Another important part of a wheel is the sidewall, where important information about the wheel is displayed. Apart from being a board, the sidewall determines the bike handling and the load support. To make the correct decision, you must be in a position to decode the sidewall information. By just looking at the sidewall you can tell if the tire will fit on your bike and if it’ll meet your riding demands.
If it’s that time to replace your motorcycle tires, it’s the best time to start searching for a new tire. One thing that makes the wheel such a crucial component of your bike is that it’s possibly the best route to changing your riding style. For example, if you haven’t been impressed by your bike’s performance on specific surfaces or the load limit is limiting you, get your heart’s desires by investing in different tires.
The performance of a tire depends on several things. First, there are different types of motorcycle tires made for different riders and bikes. This means that a tire will deliver what it’s meant for. For example, sport tires deliver an unmatched grip on diverse surfaces, but at the expense of the tread. If you’re looking for tires with the highest mileage, the best choice would be touring tires. On the other hand, if you’re looking for a compromise, the best option will be sport touring. First, identify where you will be riding; if it’s a commuting bike, go for tires with improved mileage and that performs well on diverse surfaces.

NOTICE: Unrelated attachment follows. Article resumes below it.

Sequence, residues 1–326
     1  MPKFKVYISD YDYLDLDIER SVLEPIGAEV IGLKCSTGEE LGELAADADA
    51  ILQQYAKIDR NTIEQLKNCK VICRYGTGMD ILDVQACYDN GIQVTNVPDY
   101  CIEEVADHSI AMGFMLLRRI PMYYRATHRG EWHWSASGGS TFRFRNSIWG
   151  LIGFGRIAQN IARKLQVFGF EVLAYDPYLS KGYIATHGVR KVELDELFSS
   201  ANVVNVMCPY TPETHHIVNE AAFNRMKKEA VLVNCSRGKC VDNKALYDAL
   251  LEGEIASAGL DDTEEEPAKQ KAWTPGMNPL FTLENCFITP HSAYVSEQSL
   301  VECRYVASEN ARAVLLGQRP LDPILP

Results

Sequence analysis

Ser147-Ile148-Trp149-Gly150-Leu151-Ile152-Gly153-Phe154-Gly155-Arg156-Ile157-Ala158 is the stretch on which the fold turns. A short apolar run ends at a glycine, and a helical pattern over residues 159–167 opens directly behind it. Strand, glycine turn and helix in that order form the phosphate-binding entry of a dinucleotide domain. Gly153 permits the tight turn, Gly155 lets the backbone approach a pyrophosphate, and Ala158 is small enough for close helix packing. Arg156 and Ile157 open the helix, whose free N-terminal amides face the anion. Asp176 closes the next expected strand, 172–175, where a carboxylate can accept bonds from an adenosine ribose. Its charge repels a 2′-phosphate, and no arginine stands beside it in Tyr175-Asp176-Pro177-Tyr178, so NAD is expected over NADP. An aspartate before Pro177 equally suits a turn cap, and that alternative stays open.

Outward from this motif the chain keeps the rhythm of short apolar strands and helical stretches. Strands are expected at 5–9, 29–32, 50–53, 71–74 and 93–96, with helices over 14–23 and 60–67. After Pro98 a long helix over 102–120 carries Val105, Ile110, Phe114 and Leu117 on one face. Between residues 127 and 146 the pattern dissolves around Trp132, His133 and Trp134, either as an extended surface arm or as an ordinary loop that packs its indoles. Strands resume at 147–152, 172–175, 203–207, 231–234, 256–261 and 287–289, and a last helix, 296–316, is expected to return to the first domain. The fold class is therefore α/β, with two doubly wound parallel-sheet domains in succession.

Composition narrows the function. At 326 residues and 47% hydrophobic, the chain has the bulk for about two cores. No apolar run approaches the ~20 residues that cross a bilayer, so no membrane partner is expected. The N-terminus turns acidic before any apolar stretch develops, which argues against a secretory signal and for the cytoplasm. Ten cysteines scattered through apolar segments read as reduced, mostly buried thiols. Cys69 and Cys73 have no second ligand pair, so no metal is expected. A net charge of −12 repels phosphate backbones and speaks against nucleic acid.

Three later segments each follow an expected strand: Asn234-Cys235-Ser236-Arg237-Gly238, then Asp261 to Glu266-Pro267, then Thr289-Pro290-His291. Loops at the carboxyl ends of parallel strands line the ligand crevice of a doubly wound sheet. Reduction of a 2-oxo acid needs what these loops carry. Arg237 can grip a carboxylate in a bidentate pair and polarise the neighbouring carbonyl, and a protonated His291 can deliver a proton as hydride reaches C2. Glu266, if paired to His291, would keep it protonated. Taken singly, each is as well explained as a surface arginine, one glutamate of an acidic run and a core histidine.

The tire is referred to as a 100% silica compound with varying levels of grip featured throughout the profile of the tire. The point here is that the corners or edges of the tire are much softer and grippier than the middle which is exactly what you want. When you’re knee down in those twisties and country roads, these tires are going to come through for you.
Sporting tires, on the other hand, provide the best grip and are great for high speeds and have an impressive durability. They’re the most versatile as they’re made from softer rubber, with lesser treads. For a racing/track tire, they’re almost similar, but the latter provides better grip. This makes them good for rugged terrains and when taking corners.
You just spent all winter getting your bike ready for the season. New brakes, oil change, new fairings and a paint job. You spend all week loading everything into the trailer. All track essentials like a canopy, cooler, chair and ibuprofen are stocked. Do you want to be that person scurrying around with a flashlight in the wee hours wondering why your trailer has a flat? Now is the time to inspect your trailer. You know trailers need a little love too.
Ken is author of "Motorcycling the Right Way” and "Riding in the Zone" (book and blog). He is also the "Street Savvy" columnist for Motorcyclist Magazine, and former longtime author of the Proficient Motorcycling and Street Strategies columns for Motorcycle Consumer News. Ken is Lead Instructor for Tony's Track Days, a 20 year Motorcycle Safety Foundation instructor, and owner of Riding in the Zone Motorcyclist Training.